Monday, June 10, 2013

8 things journalists should do to avoid snooping

The Guardian’s revelation that a US agency was snooping on millions of mobile phones following a court order, should not come as a shocker to Indians. In this country where privacy laws are either nonexistent or lax, snooping by law enforcing agencies in common and invokes lesser reaction than the West.
Dozens of law enforcing agencies, may it be from police or the revenue, keep a tab on lakhs of conversations taking place on mobile phones and landlines in the country every day. Sometimes the snooping is intelligence-based, while many a times it is unexplained, preemptive and unwarranted. So well entrenched is snooping a part of intelligence gathering in India that the nation’s top intelligence agency, the Intelligence Bureau, has been traditionally accused of listening to telephone conversations of the Opposition, bureaucrats, journalists etc.
Journalists are prominently on the list of persons on whom intelligence and police agencies maintain surveillance. With media getting more assertive each passing day, and more secrets of the establishment tumbling out of closets, it is but natural that the ruling disposition wants law enforcement agencies to keep a tab on journalists. The idea is not just to keep a tab on what they are doing, but also to know who do they speak to? What do they speak? Who passes on information to them? Etc.
While legal surveillance is still a difficult thing in India since any such moves is still scrutinized by a committee of bureaucrats, illegal surveillance by law enforcement agencies is rampant all over the country. The information gathered by these agencies is either archived for future use or passed on to interested parties for personal gains. Law enforcing agencies commonly procure call data record (CDR) of `suspects’ to derive information.
As journalists, we can take some precautions to ensure that nobody snoops on us, and the source is protected. Even if you are being snooped, these precautions can help you ensure that someone who is not expected to listen to you does not hear what you and your source are talking.
1)    Speak to sources in person: This is a  thumb rule # 1 to avoid getting snooped. Nothing is as safe as speaking to your source in person. I have observed that sources open up more if you are meeting them in person. The eyeball to eyeball contact helps develop confidence between a journalist and a source. There is nobody to snoop on you when you and your source meet over a cup of coffee (unless your source is into anti-national activity and is already under physical surveillance).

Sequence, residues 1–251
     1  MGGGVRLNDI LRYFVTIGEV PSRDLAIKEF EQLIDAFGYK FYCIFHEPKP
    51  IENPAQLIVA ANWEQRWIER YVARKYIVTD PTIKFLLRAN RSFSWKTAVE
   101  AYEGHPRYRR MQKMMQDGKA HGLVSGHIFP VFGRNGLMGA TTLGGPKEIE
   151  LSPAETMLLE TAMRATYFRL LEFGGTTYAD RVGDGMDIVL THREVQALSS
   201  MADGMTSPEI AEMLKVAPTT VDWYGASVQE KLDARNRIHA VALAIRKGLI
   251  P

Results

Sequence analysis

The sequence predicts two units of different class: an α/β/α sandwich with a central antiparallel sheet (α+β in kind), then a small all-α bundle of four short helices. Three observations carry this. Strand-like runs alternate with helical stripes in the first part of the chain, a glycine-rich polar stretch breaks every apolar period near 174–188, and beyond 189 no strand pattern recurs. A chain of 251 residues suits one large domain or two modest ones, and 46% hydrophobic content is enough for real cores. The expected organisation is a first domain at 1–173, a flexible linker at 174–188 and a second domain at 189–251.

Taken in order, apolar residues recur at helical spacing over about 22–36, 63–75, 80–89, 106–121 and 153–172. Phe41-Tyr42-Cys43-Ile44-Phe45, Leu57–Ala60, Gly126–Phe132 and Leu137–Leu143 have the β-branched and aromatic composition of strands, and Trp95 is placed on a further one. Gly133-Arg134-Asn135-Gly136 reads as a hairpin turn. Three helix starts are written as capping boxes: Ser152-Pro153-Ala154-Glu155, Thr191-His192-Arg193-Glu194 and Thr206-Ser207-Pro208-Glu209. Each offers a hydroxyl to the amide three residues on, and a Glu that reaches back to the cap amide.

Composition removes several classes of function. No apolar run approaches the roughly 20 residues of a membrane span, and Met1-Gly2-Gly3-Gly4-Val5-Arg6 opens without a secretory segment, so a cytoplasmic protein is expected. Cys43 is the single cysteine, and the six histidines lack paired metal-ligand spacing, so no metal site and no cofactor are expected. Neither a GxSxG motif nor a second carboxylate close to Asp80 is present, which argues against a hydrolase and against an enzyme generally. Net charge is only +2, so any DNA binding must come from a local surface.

2)    Avoid taking names: Snoopers are interested to continue if they find some catchwords in your conversations. If you stop taking names or make references while talking to your sources, your conversation may hardly be interesting for them to hear. Avoid taking names or using references that may provide hints to snoopers about the discussion or what is going on in your mind.
3)    Limit your cellphone use: Mobile telephony is the best and most exploited technology by intelligence agencies. Mobile phones are easiest to be tapped, can provide your near accurate location and can give a pattern of your conversation with sources. Avoid talking to sources on mobile phones unless necessary. Even if you do, limit yourself and meet that source in person.
4)    Use landlines to maximum: This is the thumb rule # 2 journalists should keep it in mind. The landline business is still controlled by the government and law enforcing agencies find it difficult to manipulate government servants in landline telephony business unless they have sufficient reason to seek surveillance. Though law enforcing agencies can procure CDRs of landlines as well, but active surveillance of landlines is difficult without a reason.
5)    Be objective while talking: In a bid to flatter sources or gain their confidence, journalists often tend to talk loose on phone while speaking to sources. This can not only land you in trouble, but can give room to law enforcing agencies to put you under active legal surveillance. Sources also at times try to extract information from you by throwing bait. Control yourself and be objective while speaking to sources on phone. Cut short conversation if you find your source is seeking any information.
6)    Use multiple mobile connections: Use more than one mobile phone connections and use them alternately to speak to sources if you suspect you may be snooped. Law enforcing agencies do not have time and resources to identify your connections and put all of them under surveillance (unless they suspect you to be involved in anti-national activity).
7)    Stay clean: Journalists are also tempted to buy mobile phone connections on someone else’s name to avoid getting snooped. In Mumbai, such connections are called `Khacha’ or procured on bogus documents. Strictly avoid using such connections as they may land you in trouble and invite prosecution. You also never know who has used the connection before and may have to face consequences for it.
8)    Nothing is impossible: Remember, gathering intelligence is not just snooping. There are many other ways to get details on you. By observing above caution, you can at most minimize chances of agencies from snooping on you. These cautions in no way give you license to violate laws or get into any anti-national activity. Mind well, if you get into any anti-national or illegal activity, the law will get to you irrespective of how smart you try to be.

1 comment:

  1. Excellent! Post thanks for sharing it, the tips are shared about the 8 things journalist should hew to avoid interested that is very helpful for the beginner journalist. The journalist must have to avoid to taking names if of persons directly and be to the point when talking about someone. That is really wonderful post I have ever seen. New media


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